So, our dear “Lefts” end up once again appropriating the sections of the Kurdish Syrian community that mistakenly seek alliances with and aid from fascist US imperialism, by focusing on intermittent flare-ups with the Syrian army and anti-Assad elements from within the PYD, and those who aim to influence it in this direction from without, as the sole expression of the entire Syrian Kurdish community. (As it must also be noted here that the PYD is itself divided on its future path and fluctuating alliances, even as it engages in sporadic clashes with the Syrian army and localised militia of the National Defense Forces, and releasing bellicose denunciations of “Assad’s fascist forces”, there are nonetheless concrete local alliances on the ground elsewhere, not to mention the historic ties between the Syrian Ba’ath and the PKK/PYD leadership) Graeber & Co. are deceptively promoting the partition and weakening of the Syrian nation currently under vast imperial aggression and the imminent threat of reaction from all sides. They are further advocating the Kurds submit to US empire, to become its patsies in a war of aggression, its proxy enforcer against the Syrian army and State; they advocate the PYD succumb to an empire that has played a lead role in the persecution of the Kurdish community for decades upon decades.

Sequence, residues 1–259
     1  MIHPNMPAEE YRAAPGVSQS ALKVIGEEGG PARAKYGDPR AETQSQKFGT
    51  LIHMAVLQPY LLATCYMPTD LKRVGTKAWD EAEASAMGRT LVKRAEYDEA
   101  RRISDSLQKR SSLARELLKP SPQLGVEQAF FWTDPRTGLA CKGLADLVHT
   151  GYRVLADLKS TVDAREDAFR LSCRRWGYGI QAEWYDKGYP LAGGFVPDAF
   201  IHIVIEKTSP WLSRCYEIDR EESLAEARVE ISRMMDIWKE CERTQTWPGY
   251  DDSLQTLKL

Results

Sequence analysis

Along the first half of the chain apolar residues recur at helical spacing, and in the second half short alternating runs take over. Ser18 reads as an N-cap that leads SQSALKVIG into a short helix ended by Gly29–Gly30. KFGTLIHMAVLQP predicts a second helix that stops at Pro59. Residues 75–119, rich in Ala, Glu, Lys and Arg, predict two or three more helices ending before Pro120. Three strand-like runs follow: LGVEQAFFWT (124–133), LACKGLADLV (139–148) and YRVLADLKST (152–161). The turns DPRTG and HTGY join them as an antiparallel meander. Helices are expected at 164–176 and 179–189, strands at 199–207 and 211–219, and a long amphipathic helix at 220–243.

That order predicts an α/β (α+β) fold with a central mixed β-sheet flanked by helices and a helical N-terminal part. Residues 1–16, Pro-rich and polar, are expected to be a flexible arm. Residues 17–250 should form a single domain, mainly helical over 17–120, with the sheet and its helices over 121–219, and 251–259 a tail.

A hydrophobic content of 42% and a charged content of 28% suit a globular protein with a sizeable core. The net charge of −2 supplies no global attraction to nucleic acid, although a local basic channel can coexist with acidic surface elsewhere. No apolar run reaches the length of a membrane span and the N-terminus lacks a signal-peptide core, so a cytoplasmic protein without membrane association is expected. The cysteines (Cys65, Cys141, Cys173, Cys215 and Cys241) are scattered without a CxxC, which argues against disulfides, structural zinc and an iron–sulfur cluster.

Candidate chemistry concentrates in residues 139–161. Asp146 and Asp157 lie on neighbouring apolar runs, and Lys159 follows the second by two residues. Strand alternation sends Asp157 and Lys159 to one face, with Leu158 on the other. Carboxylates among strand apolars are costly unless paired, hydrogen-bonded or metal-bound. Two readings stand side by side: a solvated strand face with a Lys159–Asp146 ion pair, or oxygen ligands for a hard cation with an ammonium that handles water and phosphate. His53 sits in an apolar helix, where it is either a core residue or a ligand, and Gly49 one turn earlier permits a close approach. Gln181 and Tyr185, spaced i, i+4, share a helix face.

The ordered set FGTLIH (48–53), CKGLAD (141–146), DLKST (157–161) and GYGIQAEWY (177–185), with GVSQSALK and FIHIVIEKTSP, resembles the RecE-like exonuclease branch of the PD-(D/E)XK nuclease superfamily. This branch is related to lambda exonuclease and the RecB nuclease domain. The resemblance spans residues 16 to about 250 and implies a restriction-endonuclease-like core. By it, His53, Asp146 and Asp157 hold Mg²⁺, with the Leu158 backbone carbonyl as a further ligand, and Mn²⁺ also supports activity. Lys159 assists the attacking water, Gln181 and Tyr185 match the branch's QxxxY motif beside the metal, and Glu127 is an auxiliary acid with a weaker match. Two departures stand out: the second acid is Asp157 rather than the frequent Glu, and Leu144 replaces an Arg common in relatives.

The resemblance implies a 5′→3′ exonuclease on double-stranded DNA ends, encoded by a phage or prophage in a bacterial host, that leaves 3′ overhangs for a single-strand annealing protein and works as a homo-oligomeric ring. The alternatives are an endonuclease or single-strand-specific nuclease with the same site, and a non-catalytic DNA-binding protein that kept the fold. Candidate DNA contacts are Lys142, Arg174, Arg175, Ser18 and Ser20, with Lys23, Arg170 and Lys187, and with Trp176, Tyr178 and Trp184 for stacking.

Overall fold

It is important to stress that the US empire is not attempting to simply aid the Syrian Kurds’ quest for political autonomy; throughout the insurgency the US and its partners have used “ISIS” & Co. as a tool of coercion against the PYD in attempts to cause further cleavage between them and the Syrian State and to act as a conduit for US/Turkish contras. It is these “rebel” contras that viciously assaulted Kurdish communities ever since the PYD became detached from the puppets of imperialism in the “SNC” and refused to become part of the project against the Syrian State in 2012 – coincidentally, of course, when David Graeber & Co. were no doubt singing the praises of the very same “moderate” chauvinist Takfiris utterly opposed to any form of Kurdish self-rule. The US and Turkey have been very clear that any aid to the PYD would be subject to strict conditions, the principal condition being to abandon their neutral stance – by extension any possibility of Bookchin’s libertarian anarchist eco-utopia – and join these “rebels” against the Syrian army.